Part 1: Opening Prayer
Powerful God, your son Jesus did things we cannot understand. Help us to see that in healing, casting out demons, feeding thousands and stilling storms are all witnesses to your grace and power. May we look for ways we still see you at work in our lives, and may we see the miracle that is life every day. Amen.
Section 2: The Story
What is a miracle?
Miracles are sometimes hard to wrap our head around. After all, they are something that goes against everything we are used to. Food doesn’t multiply before our eyes. Water stays water and does not turn to wine. People who are blind don’t start seeing because you wipe some mud on their eyes.
But in the Gospels, they do. All of these things and more.
So what exactly is a miracle? It is a word we toss around from time to time, but when we do that, we overuse a word and it can lose its meaning. Like calling a sports play a “miracle catch” or a “Miracle Comeback”. They may have been good; they may have been surprising, but are they really miracles? Did God intervene? Did some ordinary law of nature somehow not apply? No.
A miracle, simply put, is a supernatural deed, an event that cannot be explained on a natural or scientific basis. We see miracles as God intervening in earthly events. Another way that theologians have talked about the miracle stories is to use the term “Spectacular”, which they define as “referring to events that go beyond what we usually think are possible.” Another way to understand what is a miracle is to consider if it can be regularly (more than once and on command) caused by human action, or that can be explained. No regular human can curse a fig tree and cause it to become withered and dead within a day, but in Matthew chapter 11 that is exactly what happens.
Types of miracles
Jesus miracles can be divided into four general categories:
- The most common of Jesus’ miracles, a cure is where an illness is taken away by some means other than medicine or time. Examples include blind people who begin to see, lame people who recover instantaneously, and more. These are physical injuries or disabilities (unable to walk, weak / useless hand, blindness, etc.) as well as illnesses like fevers, hemorrhages (uncontrolled bleeding), or the like.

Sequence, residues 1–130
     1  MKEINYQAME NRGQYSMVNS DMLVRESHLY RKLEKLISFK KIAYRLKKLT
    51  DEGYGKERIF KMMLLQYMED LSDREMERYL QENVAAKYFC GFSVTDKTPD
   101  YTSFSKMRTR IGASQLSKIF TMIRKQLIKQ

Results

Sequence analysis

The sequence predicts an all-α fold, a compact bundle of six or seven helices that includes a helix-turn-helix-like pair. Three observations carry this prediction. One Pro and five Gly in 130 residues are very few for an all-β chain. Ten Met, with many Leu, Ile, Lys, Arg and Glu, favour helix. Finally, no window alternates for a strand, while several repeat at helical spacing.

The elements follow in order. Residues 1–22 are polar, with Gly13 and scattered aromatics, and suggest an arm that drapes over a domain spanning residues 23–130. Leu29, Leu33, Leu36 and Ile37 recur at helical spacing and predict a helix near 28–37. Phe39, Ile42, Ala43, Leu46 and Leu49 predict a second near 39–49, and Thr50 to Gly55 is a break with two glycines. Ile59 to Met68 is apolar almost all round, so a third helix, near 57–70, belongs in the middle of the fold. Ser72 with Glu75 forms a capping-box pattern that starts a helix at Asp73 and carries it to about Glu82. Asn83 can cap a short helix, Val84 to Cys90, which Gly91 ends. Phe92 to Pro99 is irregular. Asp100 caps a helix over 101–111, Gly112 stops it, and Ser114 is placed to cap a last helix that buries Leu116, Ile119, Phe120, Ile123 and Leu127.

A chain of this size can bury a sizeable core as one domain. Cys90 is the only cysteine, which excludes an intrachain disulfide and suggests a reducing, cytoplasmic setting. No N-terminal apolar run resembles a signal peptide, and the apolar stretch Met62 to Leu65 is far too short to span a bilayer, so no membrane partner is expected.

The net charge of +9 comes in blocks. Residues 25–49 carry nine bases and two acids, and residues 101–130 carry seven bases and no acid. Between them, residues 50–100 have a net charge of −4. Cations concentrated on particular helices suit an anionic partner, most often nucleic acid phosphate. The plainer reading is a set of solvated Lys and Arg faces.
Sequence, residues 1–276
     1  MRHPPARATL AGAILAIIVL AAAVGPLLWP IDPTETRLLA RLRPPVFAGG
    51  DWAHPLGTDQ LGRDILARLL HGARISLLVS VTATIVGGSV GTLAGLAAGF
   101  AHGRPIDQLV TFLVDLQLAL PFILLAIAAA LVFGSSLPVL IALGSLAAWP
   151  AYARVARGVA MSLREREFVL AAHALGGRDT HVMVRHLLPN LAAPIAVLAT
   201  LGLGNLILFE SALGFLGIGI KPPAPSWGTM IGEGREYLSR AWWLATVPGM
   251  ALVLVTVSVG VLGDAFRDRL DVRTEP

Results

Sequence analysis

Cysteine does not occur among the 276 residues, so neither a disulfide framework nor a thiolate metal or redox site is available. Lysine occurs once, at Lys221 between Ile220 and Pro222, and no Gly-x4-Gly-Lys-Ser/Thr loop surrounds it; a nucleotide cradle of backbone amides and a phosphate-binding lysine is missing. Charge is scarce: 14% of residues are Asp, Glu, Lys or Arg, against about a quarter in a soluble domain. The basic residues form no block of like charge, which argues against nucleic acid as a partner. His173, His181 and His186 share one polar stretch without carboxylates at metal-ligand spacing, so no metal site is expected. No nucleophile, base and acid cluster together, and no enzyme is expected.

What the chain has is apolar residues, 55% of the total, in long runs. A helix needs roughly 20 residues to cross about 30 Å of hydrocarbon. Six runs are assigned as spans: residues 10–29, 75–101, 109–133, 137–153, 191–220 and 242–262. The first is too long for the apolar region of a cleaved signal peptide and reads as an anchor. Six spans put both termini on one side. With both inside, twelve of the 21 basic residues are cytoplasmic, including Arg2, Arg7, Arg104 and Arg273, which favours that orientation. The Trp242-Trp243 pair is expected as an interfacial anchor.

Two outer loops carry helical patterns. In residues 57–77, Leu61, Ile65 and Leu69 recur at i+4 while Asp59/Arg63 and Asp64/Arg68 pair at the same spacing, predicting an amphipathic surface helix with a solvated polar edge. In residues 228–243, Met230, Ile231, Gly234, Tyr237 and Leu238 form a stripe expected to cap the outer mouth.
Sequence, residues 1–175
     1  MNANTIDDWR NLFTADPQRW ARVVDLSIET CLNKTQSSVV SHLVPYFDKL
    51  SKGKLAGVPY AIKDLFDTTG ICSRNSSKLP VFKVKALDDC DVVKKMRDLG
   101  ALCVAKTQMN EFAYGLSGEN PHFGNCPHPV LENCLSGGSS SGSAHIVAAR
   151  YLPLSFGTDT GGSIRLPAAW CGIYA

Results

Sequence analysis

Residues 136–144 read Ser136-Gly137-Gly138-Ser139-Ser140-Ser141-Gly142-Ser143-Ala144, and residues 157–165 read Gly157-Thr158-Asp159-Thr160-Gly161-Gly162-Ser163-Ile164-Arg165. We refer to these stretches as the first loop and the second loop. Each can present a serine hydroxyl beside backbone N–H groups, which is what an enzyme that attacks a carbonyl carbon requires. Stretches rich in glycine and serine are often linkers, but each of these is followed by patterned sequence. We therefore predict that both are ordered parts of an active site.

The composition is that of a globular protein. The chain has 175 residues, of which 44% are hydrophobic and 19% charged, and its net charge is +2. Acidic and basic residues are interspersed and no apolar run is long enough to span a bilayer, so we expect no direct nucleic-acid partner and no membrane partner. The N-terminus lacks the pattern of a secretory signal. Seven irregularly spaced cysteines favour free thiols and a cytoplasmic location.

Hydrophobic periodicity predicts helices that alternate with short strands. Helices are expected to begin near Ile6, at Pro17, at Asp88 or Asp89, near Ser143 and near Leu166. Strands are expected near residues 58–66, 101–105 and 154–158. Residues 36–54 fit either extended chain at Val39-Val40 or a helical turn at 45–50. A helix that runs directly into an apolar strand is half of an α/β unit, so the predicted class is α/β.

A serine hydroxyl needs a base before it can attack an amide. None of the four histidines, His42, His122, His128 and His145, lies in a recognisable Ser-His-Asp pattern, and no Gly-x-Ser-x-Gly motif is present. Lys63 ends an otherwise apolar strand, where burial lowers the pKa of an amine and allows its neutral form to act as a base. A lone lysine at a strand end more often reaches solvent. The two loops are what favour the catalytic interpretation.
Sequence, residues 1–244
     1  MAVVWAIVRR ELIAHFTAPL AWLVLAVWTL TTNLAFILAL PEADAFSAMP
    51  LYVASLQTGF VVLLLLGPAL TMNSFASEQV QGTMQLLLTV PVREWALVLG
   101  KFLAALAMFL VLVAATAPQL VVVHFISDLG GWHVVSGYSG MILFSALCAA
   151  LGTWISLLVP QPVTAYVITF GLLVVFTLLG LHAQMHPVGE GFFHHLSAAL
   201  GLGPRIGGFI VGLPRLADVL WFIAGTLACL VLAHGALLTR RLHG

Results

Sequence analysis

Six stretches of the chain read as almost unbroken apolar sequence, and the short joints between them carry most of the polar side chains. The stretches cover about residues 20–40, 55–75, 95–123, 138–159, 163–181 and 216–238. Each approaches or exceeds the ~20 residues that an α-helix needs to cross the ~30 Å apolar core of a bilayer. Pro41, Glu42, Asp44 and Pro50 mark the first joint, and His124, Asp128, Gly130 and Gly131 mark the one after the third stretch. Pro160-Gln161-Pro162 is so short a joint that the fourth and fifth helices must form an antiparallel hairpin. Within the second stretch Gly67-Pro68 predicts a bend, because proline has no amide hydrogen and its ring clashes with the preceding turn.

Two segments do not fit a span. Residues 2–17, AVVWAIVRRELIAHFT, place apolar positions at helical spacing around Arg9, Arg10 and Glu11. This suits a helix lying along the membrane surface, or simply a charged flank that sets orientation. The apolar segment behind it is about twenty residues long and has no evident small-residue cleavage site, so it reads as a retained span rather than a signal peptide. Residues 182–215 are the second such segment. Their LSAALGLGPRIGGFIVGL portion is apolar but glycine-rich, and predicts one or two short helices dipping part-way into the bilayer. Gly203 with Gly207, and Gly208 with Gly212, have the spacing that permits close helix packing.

- These are stories where people are possessed by an evil spirit and Jesus orders it to leave them. Some of the things that get described as demon possession might be recognized or described as mental illness or even physical disabilities (seizures were sometimes considered a sign of demonic power), but that does not change that an instantaneous cure is considered a miracle.
- Raising of the Dead
- These are stories where someone who was dead returns to life.
- There are three of them: the daughter of a Jewish leader (Matthew 9), a widow’s son (Luke 7), and his friend Lazarus (John 11).
- Control over nature
- These miracles show Jesus’ power over natural events or phenomena. These are stories like turning water into wine, feeding many people with a small amount of food, making a storm stop on command.
- Examples are: turning water into wine (John 2), the great catch of fish (Luke 5 and John 21), Stilling the Storm (Matthew 8), Feeding of 5,000 (Matthew 14), causing a fig tree to wither and die (Matthew 21).
Section 3: The Message
Miracle Story Form
Any story follows a form, and helps you know what sort of story you are hearing. Some common ones are the “Coming of Age Story”, where a young person faces a challenge of growing up and often a specific destiny or hurdle to overcome. For this one, think of the Harry Potter series. The story centers on one person and how he grows to accept a future destiny. Another form is the Tall Tale, a humorous story with exaggerated and impossible events and accomplishments. A third is fable, where a story of talking ‘human-like’ animals teaches a moral lesson. Each of these story types have a pattern that you recognize. Miracle stories in the Bible have a form too.